Hanwha Ocean Denies Reports it is Reducing Ops and Ending Boxship Orders

Hanwha Ocean shipbuilding
Hanwha Ocean denies that it plans to reduce shipbuilding operations (Hanwha Ocean file photo)

Published Jan 8, 2024 3:30 PM by The Maritime Executive


South Korea’s third largest shipbuilder, Hanwha Ocean, was quick to deny reports in the media that the company plans to reduce shipbuilding activities to focus only on higher-value orders. This comes despite reports that the former Daewoo Shipbuilding & Marine Engineering continues to struggle to rebuild profitability and expand its orderbook after the acquisition by Hanwha Group was completed earlier in 2023.

The company stated emphatically that it has no plans to reduce operations for the shipbuilder. In the fall of 2023, they unveiled new designs including for very large ammonia gas carriers, hydrogen carriers, and other new vessel segments. Hanwha Group also made it clear that they planned to leverage the company’s position as a naval builder and expertise in submarines and warships to grow the business and realize opportunities between its divisions. 

Korean media reports suggested this morning that Hanwha Ocean has decided to forgo future orders for lower-value ships, specifically containerships. The report asserted that the company had already forgone orders in 2023 for containerships as it was losing more than $7.5 million on each containership delivered. 

The report further suggests that as the company works down some of the order backlog it was also planning to close one of its current five dry docks used for assembly. Earlier in 2023, the company highlighted the rehabilitation of the dry docks including the ability to build four large LNG carriers simultaneously in its main dry docks.

Historically, DSME was a leader in the containership segment with the media reports highlighting as late as 2021, DSME won orders for 10 new large containerships. DSME, now Hanwha Ocean, for example, is building the large LNG dual-fuel containerships for Hapag Lloyd. However, the reports pointed out that in 2023 the yard took in no new containership orders.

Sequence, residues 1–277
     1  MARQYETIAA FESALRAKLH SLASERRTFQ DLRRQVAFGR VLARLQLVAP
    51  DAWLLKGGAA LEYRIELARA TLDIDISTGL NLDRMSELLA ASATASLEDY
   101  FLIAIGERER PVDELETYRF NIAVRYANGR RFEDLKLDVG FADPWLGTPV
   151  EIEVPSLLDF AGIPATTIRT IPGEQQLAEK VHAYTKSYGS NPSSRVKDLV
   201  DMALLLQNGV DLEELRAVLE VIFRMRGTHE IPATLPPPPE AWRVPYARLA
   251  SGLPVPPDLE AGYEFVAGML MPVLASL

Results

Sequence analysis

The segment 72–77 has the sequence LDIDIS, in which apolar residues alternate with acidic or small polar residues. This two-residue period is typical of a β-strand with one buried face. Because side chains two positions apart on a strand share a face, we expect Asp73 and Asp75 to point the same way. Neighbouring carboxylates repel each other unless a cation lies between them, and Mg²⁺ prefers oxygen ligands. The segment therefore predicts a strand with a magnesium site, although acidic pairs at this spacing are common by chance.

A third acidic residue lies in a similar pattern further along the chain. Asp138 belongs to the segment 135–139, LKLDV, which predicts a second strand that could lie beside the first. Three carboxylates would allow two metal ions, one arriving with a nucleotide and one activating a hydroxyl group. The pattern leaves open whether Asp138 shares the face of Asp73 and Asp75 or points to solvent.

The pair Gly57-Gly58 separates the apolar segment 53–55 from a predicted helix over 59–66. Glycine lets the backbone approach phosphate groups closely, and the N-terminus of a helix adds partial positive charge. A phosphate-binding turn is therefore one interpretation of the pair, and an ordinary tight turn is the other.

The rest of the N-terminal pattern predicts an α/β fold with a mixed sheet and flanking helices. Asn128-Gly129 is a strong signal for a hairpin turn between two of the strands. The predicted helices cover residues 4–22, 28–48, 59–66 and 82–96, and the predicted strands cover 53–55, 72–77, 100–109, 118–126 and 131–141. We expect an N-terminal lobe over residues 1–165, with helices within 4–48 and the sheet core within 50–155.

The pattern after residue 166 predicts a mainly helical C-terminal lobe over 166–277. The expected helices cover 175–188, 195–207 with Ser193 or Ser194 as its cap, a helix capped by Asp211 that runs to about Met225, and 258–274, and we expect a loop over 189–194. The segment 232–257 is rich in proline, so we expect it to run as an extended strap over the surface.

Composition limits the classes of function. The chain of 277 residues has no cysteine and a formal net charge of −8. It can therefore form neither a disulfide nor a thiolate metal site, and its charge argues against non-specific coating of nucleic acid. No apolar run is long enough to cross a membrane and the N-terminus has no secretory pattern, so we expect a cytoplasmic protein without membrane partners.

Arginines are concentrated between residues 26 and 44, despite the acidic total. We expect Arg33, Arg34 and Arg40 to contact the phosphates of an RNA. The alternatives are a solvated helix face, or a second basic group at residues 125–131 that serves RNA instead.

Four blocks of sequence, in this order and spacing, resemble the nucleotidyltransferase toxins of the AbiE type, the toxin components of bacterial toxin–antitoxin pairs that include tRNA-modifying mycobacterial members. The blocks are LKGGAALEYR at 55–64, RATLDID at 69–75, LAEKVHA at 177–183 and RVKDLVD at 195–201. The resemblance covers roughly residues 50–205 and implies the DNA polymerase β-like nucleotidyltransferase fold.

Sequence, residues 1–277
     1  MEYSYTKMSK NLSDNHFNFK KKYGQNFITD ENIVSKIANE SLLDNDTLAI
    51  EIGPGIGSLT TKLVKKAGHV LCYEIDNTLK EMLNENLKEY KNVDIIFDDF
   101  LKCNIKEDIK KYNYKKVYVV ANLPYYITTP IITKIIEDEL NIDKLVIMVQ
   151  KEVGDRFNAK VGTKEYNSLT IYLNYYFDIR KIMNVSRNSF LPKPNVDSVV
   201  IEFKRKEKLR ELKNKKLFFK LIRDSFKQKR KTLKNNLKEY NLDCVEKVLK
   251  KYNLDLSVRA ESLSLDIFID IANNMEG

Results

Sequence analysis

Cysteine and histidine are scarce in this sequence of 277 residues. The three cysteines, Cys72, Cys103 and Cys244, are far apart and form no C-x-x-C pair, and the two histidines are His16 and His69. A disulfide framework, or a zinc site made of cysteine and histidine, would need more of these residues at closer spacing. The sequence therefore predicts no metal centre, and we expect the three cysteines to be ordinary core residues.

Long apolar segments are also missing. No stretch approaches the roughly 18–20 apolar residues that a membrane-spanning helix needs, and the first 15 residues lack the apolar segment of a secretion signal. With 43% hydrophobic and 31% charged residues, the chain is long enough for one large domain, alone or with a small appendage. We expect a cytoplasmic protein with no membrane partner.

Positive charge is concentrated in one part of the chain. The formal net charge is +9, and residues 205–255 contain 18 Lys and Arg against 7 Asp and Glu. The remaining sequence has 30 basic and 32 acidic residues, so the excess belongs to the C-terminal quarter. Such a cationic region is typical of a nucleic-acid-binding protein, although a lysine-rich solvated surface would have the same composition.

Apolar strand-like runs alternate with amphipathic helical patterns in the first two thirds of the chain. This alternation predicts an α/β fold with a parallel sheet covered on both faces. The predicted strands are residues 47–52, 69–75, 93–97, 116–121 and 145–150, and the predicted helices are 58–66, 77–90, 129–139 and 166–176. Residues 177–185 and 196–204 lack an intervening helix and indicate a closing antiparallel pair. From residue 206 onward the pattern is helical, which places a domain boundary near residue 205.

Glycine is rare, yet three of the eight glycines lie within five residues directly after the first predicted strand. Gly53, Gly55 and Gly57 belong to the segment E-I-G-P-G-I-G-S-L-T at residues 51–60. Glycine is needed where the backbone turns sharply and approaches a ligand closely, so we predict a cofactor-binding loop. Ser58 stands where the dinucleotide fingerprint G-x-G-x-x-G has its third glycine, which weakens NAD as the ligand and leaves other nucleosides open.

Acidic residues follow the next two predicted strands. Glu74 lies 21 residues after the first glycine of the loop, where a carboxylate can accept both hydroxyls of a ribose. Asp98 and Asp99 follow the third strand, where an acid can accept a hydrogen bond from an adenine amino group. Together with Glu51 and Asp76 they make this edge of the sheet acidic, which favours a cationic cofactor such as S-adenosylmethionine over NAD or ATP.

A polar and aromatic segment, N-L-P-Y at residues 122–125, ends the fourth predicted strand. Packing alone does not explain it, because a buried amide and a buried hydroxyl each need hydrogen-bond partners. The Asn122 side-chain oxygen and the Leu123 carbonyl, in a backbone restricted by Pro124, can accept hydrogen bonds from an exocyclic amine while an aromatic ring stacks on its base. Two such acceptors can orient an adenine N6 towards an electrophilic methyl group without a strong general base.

Hanwha Ocean management last week confirmed to the Korean media that it was continuing to refine the shipbuilding strategy and would not be publicly releasing order targets for 2024. The media reports said the yard had reached just over half of its $7 billion order target in 2023. The yard won orders for five LNG carriers, five ammonia carriers, and seven naval ships, and is believed to be in continuing price negotiations with QatarEnergy to finalize a larger order for LNG carriers which has been expected in recent months. HD Hyundai was the only one of the big three Korean shipbuilders to convert the reservations into firm orders from Qatar in the second half of 2023.

DSME was reporting large financial losses with government officials saying that it required investments and a new management focus. The government-run Korean Development Bank auctioned off the shipyard in 2022 saying that Hanwha would provide the capital and strength to ensure its future. After many months of financial losses, Hanwha reported the shipyard had returned to profitability in the third quarter of 2023.

The media reports emphasized the strong competition from the Chinese shipyards which are now winning most of the orders for containerships. They said that the competition was pressuring the price for new containership orders.  The Korean government has emphasized that the future competitiveness of the shipbuilding industry lies with high-value ships, primarily LNG carriers, where Korea continues to have a strong lead as well as new technologies including ammonia, hydrogen, and automation of navigation and ship operations.